Host Daniel Geneen learns about growing, harvesting, and eating crawfish from Louisiana farmer Mike Frugé

About 40 years ago, rice farmers like Mike Frugé of Frugé Aquafarms and Cajun Crawfish figured out that the two year growing cycle of crawfish synced perfectly with the two year cycle of the rice crop. Now, rice fields are seeded with baby crawfish every other year, creating a new source of food and income for farmers. Host Daniel Geneen visited the farm in Louisiana to see how over a million crawfish are harvested each year.

“If you just came out into this field when we first planted it and just dumped crawfish out here with no cover, the birds would get them all in a matter of hours, or the heat would get them,” explains Frugé, as he and Geneen wade into the flooded rice fields, where tall grass covers the crawfish swimming in the waters below. “So the rice as a crop provides the perfect habitat for the crawfish, and that’s how they came together,” confirms Geneen.

Once the rice grows out of the canopy stage and is harvested, the fields are flooded with about two feet of water to get ready for crawfish harvesting. Once the crawfish are harvested, the fields are drained all the way down, another crop of rice is planted, and the cycle continues.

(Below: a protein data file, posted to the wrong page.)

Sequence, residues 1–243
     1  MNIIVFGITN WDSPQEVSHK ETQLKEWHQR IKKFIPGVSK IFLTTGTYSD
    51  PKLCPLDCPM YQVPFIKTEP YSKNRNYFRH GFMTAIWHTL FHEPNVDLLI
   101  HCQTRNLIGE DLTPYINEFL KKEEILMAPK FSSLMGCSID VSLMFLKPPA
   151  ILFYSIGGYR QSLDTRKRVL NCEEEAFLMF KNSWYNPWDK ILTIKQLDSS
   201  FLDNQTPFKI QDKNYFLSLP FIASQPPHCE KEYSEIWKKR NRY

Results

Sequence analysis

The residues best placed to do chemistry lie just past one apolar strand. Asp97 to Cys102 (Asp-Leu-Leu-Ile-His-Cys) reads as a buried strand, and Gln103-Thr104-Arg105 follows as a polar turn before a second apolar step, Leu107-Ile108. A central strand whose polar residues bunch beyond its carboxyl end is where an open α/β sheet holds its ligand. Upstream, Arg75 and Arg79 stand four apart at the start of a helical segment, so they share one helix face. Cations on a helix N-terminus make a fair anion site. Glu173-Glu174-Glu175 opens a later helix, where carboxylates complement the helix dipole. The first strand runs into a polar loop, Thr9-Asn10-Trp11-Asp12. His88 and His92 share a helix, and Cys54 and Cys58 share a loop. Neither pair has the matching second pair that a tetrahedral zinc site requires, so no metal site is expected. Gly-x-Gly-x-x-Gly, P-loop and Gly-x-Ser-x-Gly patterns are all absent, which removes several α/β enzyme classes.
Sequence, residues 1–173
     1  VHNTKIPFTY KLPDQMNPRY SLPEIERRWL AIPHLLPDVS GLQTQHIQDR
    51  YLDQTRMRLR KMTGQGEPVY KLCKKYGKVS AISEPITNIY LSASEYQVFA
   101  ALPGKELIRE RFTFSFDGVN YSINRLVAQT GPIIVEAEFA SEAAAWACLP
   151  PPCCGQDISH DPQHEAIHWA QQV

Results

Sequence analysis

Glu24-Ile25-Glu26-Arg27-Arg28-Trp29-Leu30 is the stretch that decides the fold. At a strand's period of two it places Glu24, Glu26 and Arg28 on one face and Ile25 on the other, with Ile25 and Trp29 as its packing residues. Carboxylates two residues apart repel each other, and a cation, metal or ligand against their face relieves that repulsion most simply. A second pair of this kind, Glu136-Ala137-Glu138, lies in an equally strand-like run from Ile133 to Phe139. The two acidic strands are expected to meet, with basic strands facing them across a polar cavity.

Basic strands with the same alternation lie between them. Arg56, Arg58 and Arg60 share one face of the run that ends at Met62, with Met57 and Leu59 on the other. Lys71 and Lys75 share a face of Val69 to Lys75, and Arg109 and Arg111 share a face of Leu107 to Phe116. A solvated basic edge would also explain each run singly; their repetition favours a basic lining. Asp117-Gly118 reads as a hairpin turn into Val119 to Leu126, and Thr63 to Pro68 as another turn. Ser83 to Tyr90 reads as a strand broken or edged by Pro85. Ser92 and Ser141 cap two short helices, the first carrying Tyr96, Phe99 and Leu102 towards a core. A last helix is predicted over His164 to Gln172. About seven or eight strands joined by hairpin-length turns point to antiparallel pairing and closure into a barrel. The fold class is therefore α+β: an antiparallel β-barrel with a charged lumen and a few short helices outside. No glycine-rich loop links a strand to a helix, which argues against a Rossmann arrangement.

Frugé takes Geneen out into the fields to empty the crawfish traps into a manual pushboat. From there, the crawfish are added to conveyer belt where they’re washed and sorted. The small ones get sent back into the fields to grow and reproduce for the next crop, and the larger ones are sent out to customers.

Once the day’s work is done, Frugé and his brother Mark show Geneen how a true southern crawfish boil is done. Using their own custom boiler and spice mix, the crawfish, corn, and potatoes are steamed and seasoned. “It’s like the best parts of lobster and shrimp,” Geneen says, snapping the meat out of the spice-covered tail.

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